The mines and energy ministry this week cautioned that information making the rounds in the oil industry of yet another oil discovery in the Orange Basin is purely speculative.
This is because verification of the latest discovery by Shell at its Jonker-1 well is still ongoing by the international oil major, and, information of the find was shared by industry sources other than the ministry or the joint venture partners involved in the exploration.
“Our position is that the drilling of the Jonker-1 well is ongoing, and that as soon as the drilling is completed, the public will be informed of the drilling outcome,” explained mines and energy spokesperson, Andreas Simon, in response to New Era questions.
The ministry’s cautionary response comes after oil industry insiders earlier this week became excited that Shell made a second major discovery of hydrocarbons, which are the main components of oil and gas, in the Orange Basin. The Orange Basin is located off the south-western coast of Africa and covers an extensive area of approximately 160 000 square kilometres.
If confirmed, this latest discovery will be Shell’s second major find in the Orange Basin, relatively close to where TotalEnergies last year also confirmed a major discovery of light crude. The recent oil discoveries are a long-awaited breakthrough for Namibia, and potentially also for South Africa, into which the Orange Basin extends.
According to industry insiders, Shell’s Jonker-1 well made the hydrocarbon find early this year in a different geological area to its previously successful Graff and Rona wells where it confirmed significant discoveries last year.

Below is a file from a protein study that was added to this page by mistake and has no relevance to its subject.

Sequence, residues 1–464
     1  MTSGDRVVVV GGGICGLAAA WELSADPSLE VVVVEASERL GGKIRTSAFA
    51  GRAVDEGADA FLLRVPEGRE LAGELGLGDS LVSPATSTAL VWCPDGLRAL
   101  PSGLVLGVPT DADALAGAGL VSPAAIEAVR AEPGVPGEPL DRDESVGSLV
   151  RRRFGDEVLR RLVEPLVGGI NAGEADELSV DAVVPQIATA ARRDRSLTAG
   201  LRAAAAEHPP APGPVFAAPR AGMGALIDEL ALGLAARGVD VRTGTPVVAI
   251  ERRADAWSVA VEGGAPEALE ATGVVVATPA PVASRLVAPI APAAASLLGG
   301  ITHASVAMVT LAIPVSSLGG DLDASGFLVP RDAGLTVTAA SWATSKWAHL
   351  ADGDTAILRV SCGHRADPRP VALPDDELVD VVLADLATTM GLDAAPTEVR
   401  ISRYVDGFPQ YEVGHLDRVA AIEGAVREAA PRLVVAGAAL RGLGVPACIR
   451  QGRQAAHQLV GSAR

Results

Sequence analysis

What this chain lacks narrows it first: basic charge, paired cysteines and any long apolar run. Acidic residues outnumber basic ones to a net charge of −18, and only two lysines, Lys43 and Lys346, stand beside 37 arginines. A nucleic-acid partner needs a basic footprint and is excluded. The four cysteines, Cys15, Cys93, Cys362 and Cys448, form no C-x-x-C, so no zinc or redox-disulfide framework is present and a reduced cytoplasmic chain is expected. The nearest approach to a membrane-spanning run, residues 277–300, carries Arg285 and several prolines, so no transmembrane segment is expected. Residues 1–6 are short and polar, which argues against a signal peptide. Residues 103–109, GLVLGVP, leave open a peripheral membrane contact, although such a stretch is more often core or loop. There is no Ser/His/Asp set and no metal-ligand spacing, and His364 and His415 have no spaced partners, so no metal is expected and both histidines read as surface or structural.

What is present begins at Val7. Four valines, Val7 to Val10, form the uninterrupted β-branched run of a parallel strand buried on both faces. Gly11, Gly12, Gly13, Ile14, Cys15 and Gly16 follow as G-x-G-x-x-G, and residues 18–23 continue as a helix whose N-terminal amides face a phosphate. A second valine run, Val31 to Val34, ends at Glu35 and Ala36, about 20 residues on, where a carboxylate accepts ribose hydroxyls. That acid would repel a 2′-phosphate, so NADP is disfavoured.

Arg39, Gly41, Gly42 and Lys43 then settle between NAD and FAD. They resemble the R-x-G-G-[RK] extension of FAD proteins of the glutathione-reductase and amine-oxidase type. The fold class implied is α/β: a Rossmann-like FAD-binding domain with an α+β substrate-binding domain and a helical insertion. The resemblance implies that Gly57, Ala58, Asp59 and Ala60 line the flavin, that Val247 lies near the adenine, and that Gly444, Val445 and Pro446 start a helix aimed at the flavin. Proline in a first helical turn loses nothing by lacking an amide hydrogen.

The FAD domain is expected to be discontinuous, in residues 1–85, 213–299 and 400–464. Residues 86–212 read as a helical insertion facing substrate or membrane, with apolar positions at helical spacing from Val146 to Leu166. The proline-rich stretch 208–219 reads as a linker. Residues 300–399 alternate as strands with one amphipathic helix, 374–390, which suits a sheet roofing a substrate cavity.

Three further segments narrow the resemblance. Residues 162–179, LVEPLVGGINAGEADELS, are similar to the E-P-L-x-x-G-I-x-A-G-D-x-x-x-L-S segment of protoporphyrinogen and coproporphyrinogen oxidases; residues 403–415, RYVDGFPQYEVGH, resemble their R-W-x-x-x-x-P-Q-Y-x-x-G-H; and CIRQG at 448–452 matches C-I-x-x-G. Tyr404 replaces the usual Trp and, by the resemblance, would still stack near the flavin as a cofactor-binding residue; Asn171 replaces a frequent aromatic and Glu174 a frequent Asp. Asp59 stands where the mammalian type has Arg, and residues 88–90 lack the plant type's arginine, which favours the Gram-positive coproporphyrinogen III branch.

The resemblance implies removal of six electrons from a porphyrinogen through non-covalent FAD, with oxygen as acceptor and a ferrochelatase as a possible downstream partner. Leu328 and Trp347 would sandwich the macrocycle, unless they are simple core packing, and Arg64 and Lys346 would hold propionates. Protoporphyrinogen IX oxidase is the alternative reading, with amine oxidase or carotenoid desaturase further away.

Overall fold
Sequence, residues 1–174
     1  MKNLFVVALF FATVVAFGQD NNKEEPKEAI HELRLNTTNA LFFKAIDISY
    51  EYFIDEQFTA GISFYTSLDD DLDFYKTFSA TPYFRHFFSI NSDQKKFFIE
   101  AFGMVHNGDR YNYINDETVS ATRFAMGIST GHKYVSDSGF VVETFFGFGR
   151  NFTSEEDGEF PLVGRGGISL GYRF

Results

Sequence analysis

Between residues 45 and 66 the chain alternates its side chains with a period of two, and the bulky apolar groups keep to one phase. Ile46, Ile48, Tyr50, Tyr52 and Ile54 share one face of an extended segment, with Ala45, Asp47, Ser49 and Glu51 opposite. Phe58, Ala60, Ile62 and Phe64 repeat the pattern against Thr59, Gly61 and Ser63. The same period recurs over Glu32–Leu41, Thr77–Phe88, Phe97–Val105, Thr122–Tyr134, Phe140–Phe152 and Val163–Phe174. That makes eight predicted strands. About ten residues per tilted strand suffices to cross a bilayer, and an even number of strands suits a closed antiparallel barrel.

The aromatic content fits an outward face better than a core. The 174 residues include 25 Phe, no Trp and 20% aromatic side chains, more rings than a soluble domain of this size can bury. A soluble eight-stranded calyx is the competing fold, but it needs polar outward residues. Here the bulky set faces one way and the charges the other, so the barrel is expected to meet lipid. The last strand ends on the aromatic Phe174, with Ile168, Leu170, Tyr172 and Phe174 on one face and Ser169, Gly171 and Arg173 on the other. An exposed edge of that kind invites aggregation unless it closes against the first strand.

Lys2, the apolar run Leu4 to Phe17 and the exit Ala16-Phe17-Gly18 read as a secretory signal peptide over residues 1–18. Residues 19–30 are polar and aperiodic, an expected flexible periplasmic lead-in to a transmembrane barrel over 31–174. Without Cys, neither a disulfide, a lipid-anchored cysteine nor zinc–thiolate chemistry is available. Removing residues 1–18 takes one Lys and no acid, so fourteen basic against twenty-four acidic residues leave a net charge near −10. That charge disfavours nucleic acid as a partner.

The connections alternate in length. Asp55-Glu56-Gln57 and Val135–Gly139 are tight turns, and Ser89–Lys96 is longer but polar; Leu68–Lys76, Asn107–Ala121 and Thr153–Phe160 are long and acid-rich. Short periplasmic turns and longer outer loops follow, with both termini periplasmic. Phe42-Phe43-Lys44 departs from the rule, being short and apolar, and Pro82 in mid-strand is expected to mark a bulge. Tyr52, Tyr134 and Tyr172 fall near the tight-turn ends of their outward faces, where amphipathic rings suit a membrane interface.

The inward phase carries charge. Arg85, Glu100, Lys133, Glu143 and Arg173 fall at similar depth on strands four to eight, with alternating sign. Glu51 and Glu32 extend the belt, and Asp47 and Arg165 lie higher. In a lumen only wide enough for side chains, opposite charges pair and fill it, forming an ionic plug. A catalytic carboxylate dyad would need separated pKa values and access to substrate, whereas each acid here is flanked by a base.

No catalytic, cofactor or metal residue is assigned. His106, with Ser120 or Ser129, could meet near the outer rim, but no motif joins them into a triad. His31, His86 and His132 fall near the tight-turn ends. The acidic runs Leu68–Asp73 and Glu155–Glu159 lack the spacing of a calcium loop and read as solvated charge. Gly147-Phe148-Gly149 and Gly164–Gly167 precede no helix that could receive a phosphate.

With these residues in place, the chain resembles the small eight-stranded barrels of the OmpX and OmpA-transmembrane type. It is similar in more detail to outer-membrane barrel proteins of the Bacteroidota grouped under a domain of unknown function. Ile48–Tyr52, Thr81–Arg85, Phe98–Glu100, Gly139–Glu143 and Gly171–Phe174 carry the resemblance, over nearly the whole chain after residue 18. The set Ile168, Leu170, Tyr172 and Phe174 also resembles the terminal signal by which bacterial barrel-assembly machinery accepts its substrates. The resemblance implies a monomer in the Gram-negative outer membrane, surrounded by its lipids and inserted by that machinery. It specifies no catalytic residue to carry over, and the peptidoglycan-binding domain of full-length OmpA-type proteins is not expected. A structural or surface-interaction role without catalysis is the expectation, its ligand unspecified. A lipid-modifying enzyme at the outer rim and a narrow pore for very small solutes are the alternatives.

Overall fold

Shell currently operates Petroleum Exploration Licence 0039, which covers blocks 2913A and 2914B, with a 45% working interest. QatarEnergy also has a 45% stake while state-owned National Petroleum Corporation of Namibia (Namcor) holds 10%.
Meanwhile, the TotalEnergies Venus discovery is approximately 325km off the Namibian coast and is situated in about three kilometres under water.
If the Venus well comes into production, it will be the world’s deepest water development to date. This will be 100 metres deeper than the world’s current deepest water development by Shell at Stones in 2 900m of water in the United States of America’s Gulf of Mexico. Deeper water adds considerable cost and engineering complexity to the installation and operation of any hydrocarbons development. This means any discovery will have to be a significant resource to be commercially viable if in a water depth of 3 000 metres or more.
Meanwhile, to bolster its search activities into what has become an exploration hotbed in the Orange Basin, Shell spent over N$2 billion to secure the services of the semi-submersible rig, called the Deepsea Bollsta, for a year, with an option to extend the services for another six months if necessary.
In the online update, Upstream noted the rig commenced with drilling in mid-December last year.
“The probe is chasing a different geological play to the Upper Cretaceous light oil discoveries made last year by Shell’s Graff-1 and La Rona-1 exploration wells.
Instead, Jonker-1 is targeting an eastern extension of the Lower Cretaceous oil and gas play that TotalEnergies hit with its Venus-1 probe in adjacent Block 2913B in 2022, potentially Africa’s largest ever offshore discovery,” read an article in online publication, Upstream.
Three informed sources told Upstream recently that Jonker-1 has hit hydrocarbons in a shallow reservoir, offering significant encouragement for what may yet be found in the probe’s deeper primary objective.